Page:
Curious about Curiosity #3: Impact of Curiosity

This is the final installment in a three-part series on curiosity. Today’s entry explores the role of curiosity at work and its relationship to organizational and group performance. In the February 13 post we investigated being curious internally, i.e., self-reflection. The February 27 post explored cultivating curiosity in others. 

What does curiosity have to do with the performance of your team or organization? A lot, according to Adi Ignatius, editor in chief of the Harvard Business Review.

Curiosity is the desire to know or learn something. It is essential to working with others, solving problems, getting stuff done, and imagining what might be possible.

According to Ignatius, when we are curious we are less prone to succumb to confirmation bias (cherry picking information that supports what we believe and ignoring evidence that contradicts that), less likely to stereotype people (making judgments about others based on their race or gender), and more likely to generate multiple and innovation alternatives. Thus, curiosity helps us make better decisions.

Curiosity also helps employees avoid freezing in the face of shifts in the marketplace or their communities. Instead of being a deer in the headlights, they get busy trying to figure out what’s going on.

And, when people are curious about their work and one another, they build trusting, collaborative relationships that strengthen their team’s and organization’s performance. When employees are encouraged to learn, they are more engaged and motivated, especially when they are rewarded for learning, in addition to results.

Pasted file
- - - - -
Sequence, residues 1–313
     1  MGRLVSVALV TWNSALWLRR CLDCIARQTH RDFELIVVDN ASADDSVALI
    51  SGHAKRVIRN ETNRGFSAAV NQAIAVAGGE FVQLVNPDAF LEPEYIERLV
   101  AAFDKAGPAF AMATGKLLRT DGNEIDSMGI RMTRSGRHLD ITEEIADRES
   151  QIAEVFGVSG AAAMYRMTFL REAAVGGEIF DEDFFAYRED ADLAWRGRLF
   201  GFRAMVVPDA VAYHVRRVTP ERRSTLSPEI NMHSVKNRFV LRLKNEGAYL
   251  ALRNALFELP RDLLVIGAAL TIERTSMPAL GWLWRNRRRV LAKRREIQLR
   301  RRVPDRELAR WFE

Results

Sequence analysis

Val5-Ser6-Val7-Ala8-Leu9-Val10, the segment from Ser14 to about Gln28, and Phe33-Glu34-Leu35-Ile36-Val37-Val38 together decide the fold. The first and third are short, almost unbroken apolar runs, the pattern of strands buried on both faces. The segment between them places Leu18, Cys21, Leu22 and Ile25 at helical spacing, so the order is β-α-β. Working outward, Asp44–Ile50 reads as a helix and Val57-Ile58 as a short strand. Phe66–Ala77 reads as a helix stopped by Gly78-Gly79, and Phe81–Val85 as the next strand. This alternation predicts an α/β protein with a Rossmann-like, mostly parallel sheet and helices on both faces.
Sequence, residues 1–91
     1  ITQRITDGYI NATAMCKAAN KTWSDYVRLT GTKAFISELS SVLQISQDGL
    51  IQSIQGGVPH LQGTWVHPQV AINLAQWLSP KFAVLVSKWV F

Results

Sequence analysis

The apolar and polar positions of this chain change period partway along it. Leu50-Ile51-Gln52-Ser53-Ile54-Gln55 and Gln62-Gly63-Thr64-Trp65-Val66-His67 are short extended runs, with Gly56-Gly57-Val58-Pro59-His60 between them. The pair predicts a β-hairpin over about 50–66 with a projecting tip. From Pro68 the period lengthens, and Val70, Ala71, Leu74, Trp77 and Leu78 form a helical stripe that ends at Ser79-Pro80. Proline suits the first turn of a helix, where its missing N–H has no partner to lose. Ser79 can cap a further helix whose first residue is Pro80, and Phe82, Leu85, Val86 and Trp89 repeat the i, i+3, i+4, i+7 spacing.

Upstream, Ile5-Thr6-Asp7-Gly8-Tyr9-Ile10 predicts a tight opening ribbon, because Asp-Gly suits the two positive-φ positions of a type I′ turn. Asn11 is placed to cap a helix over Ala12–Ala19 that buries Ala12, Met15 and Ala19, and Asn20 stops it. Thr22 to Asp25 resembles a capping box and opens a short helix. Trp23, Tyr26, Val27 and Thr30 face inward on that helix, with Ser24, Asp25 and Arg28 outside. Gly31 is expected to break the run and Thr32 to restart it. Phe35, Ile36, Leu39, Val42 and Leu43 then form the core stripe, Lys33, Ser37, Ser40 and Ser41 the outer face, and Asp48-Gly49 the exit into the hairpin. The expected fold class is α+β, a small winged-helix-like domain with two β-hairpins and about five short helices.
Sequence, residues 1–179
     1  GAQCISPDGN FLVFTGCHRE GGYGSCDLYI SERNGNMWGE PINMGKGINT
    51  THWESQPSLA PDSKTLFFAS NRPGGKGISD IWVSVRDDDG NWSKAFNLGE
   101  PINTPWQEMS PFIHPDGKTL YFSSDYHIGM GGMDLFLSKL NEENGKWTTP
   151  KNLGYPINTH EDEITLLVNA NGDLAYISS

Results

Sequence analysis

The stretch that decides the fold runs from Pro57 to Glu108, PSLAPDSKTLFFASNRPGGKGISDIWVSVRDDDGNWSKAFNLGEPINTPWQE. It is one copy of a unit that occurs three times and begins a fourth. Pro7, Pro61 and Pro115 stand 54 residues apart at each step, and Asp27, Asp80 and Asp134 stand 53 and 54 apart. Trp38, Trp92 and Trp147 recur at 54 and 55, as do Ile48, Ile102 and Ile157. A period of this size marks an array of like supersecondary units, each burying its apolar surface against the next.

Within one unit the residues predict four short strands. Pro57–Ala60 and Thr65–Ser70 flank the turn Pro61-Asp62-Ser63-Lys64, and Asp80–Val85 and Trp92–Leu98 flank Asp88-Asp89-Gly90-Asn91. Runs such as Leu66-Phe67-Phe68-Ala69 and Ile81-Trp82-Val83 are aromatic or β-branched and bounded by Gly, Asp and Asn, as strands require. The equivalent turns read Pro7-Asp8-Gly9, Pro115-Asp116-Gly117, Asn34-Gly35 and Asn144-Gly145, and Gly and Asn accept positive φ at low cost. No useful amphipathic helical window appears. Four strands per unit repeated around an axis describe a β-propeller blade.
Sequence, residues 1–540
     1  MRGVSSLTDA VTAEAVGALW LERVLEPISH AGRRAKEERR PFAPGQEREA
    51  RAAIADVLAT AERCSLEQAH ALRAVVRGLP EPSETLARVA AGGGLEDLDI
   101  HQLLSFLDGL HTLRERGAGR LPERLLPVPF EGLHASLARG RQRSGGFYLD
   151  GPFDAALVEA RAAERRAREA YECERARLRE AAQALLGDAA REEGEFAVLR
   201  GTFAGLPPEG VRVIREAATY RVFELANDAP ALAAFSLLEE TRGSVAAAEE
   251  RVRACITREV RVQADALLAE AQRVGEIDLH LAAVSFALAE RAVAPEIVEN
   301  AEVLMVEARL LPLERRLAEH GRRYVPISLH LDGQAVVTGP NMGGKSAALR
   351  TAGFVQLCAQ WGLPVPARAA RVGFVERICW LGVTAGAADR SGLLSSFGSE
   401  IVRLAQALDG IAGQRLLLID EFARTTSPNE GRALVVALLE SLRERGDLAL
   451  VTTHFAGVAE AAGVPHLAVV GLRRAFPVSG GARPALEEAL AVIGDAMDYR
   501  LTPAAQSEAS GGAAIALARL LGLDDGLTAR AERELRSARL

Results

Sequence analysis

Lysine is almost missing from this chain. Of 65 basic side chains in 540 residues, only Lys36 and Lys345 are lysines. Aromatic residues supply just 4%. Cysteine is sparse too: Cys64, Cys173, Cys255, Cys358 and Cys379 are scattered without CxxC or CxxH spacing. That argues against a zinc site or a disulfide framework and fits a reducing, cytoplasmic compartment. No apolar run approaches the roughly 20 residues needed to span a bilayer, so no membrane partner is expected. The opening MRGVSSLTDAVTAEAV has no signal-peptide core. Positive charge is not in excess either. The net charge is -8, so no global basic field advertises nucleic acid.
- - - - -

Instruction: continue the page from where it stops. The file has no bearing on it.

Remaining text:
As a leader, are you stymieing the natural curiosity of your employees with a laser-like focus on efficiency, leaving little room for experimentation and innovation? Do you pretend that you know something when you don’t, sending a message that not knowing is not okay? Are you afraid that if you encourage curiosity in employees, they will be harder to manage?

If you answer yes to any of the above, please think again.

Given the benefits, I invite you to encourage everyone at work and in your community to get curious. There are so many issues big and small, simple and complex that we face every day. How can we possibly tackle them effectively if we don’t enlist the help of curiosity to solve them?

Here are some ways to do this at work:

  • Model inquisitiveness and curiosity, ask questions and listen;
  • When you don’t know, say so;
  • Demonstrate a passion for learning and encourage the same in others at meetings and through performance feedback: let people know what you are curious about and how you are exploring it;
  • Encourage people to explore their interests and build networks of thinking/learning partners within and outside the organization;
  • Schedule periodic curiosity meetings focused on questions like “Why?” “What if…?” and “How Might We…” Brainstorm and visually record the questions on large sticky notes; group similar questions; and prioritize which ones you want to dive into that day.

Curiosity is a precious quality of human beings. It prepares the brain for learning and enhances its ability to learn. Sometimes all it takes is the right question. You can start by asking yourself “What am I curious about?” And, then ask those around you,  “What are you curious about?”

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